Microsoft vents over FTC Google antitrust ruling

The tech giant isn't best pleased with the FTC's decision concerning complaints over Google's "anti-competitive" business practices.
Written by Charlie Osborne, Contributing Writer

Microsoft isn't best pleased with the FTC's decision concerning Google's "anti-competitive" business practices, and has released its frustration by means of a lengthy complaint.

After an investigation conducted by the Federal Trade Commission (FTC) over allegations of anticompetitive behavior, Google was handed a list of changes the firm must make to its business practices, especially when it comes down to search protocols.

In a 4-1 vote, the FTC decided that the search engine giant must change a number of its current business strategies, of which the FTC will "vigorously monitor." The FTC has ordered Google to stop using patents that related to "standardized technologies" purchased through its acquisition of Motorola Mobility to hamper competition, and they must now be offered on fair, reasonable, and non-discriminatory (FRAND) terms.

In addition, Google must stop "scraping" the content of rival companies to better its own search results, and businesses should now be able to opt-out of Google products including Shopping without being penalized in search engine rankings as a result. Another area of concern for competitors who made the original complaints -- including Microsoft -- were the limitations placed on AdWords, which made it different for campaigners to coordinate campaigns. Google has now agreed to remove these restrictions.

Dave Heiner, however, isn't happy with such a ruling.

In a blog post on Thursday, the Vice President & Deputy General Counsel at Microsoft drew up a lengthy complaint, calling the FTC's decision a "missed opportunity" as well as questioning the commission's investigative practices:

"The FTC took steps today to address some of Google's improper business practices. We find it troubling that the agency did not adhere to its own standard procedures that call for the agency to obtain industry input on proposed relief and secure it through an enforceable consent decree. The FTC's overall resolution of this matter is weak and -- frankly -- unusual. We are concerned that the FTC may not have obtained adequate relief even on the few subjects that Google has agreed to address."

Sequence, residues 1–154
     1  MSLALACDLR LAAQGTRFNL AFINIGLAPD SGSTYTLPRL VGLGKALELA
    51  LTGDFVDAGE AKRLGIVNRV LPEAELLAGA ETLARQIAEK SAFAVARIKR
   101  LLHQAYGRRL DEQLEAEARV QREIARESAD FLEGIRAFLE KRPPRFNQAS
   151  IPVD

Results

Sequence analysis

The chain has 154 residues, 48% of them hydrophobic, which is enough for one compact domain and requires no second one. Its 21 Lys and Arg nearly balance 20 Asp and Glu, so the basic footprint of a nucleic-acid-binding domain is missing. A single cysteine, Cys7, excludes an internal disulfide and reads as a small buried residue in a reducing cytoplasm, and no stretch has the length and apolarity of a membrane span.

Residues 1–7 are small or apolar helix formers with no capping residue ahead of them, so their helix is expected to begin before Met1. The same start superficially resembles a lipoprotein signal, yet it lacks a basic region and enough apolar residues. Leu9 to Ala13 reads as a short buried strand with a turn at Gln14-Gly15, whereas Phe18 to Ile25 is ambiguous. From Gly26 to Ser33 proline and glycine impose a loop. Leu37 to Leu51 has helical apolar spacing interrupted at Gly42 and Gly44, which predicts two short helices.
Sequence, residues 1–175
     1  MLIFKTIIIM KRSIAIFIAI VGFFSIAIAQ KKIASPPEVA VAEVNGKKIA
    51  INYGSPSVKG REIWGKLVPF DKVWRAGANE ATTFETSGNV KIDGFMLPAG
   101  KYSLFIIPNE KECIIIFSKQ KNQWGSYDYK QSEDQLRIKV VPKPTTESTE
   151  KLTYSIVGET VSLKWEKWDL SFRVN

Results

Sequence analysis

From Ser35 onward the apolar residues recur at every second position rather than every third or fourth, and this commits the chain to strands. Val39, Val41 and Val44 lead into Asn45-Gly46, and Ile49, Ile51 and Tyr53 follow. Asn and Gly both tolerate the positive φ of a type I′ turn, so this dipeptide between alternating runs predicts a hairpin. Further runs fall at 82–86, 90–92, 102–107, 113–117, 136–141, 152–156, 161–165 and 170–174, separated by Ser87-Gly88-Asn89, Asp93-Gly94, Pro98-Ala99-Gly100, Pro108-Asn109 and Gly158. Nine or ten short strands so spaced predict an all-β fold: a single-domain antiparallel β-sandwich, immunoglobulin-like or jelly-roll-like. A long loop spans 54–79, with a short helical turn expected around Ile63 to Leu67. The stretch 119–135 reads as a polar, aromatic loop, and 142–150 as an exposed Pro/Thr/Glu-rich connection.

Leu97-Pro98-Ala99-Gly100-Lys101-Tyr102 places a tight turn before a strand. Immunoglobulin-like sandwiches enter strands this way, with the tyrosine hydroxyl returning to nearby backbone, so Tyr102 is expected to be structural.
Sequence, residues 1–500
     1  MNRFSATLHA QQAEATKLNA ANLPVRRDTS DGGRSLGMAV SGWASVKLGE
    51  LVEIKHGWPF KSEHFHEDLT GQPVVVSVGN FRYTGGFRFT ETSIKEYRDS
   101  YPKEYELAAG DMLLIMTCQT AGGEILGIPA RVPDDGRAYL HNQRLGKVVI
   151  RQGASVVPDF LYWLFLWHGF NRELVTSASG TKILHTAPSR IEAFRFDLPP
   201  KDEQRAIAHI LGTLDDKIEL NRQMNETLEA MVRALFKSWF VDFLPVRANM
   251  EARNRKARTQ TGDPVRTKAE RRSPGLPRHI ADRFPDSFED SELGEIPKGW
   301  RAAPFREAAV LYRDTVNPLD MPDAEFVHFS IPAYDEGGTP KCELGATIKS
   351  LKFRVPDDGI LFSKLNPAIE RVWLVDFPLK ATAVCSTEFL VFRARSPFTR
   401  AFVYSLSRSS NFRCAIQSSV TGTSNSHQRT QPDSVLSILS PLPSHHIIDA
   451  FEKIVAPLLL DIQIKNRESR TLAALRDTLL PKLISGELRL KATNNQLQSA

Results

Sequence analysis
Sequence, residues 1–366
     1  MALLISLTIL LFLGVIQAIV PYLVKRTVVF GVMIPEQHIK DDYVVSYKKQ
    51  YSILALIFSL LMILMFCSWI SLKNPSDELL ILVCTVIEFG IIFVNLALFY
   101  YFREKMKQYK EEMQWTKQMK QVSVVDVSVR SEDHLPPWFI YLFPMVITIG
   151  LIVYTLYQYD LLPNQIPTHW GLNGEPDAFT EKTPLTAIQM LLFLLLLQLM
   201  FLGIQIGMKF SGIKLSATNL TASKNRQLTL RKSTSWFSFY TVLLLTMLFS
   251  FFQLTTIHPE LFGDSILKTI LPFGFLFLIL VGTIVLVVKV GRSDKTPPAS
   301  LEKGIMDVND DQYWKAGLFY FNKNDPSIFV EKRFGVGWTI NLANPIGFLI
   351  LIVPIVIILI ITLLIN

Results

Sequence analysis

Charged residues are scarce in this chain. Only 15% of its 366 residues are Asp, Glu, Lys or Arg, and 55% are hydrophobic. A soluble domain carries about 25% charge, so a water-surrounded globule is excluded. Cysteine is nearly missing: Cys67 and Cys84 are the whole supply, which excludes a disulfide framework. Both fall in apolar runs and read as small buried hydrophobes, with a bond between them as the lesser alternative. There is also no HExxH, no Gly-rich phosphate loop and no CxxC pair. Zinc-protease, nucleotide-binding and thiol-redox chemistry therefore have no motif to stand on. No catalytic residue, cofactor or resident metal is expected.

Heiner recognizes that the FTC concluded Google's patent system has to change, saying that the California-based firm has not "lived up to its promises," and furthermore, has blocked not only Microsoft from shipping products with the relevant patent standards, but has also used their portfolio to hamper smaller firms -- but implies it did not go far enough.

He says that Google "can continue to threaten that it will sue for an injunction" and the firm has been given "leeway to sue for an injunction on its standard essential patents" due to the ruling. In addition, Heiner believes that since it is often difficult to tell which patents are standard essential, the risk of injunction may "dissuade firms from seeking to enforce their non-standard essential patents against the company."

This isn't the only issue Heiner wants to hammer home, as he then questions search bias issues:

"Google has long said that it merely aims to offer customers the most relevant answer to their query, and the FTC Commissioners accepted that view. Yet we know that Google routinely and systematically heavily promotes its own services in search results. Is Google+ really more relevant than Facebook? Are Google’s travel results better than those offered by Expedia, Kayak and others?"

Another complaint Heiner has is the spin that Google have placed on the ruling. In post on Google's official blog, the company wrote (emphasis mine):

"The U.S. Federal Trade Commission today announced it has closed its investigation into Google after an exhaustive 19-month review that covered millions of pages of documents and involved many hours of testimony. The conclusion is clear: Google's services are good for users and good for competition."

Heiner's response?

"In other words, there appears to be no reason, despite the FTC's optimistic statements this morning, to believe that Google recognizes its responsibilities as an industry leader. That is certainly consistent with the lack of change we continue to witness as we and so many others experience ongoing harm to competition in the marketplace."

In addition, Heiner says the company is "disappointed" the FTC chose not to "seek relief" on other issues, such as providing a high quality YouTube Windows Phone app, or tackling the issue of exclusivity rights and advertising contracts on other websites. Instead of pursuing the matter, Microsoft believes that the commission has "depriving American consumers of benefits that appear on the horizon in Europe."

Before the ruling was made public, Heiner wrote an additional blog post, resurrecting compatibility issues between Google's YouTube app and the Windows Phone.

Within the complaint, Heiner accused Google of impeding a competitive marketplace as well as restricting other firms by stonewalling its services -- specifically, well-known compatibility issues experienced by Windows Phone users through the YouTube application. By "refusing" to allow Windows Phone users to have the same features as Android or iOS smartphone users, Heiner argued that this was simply one more example of how Google's business practices demonstrated the firm's allegedly anti-competitive nature.

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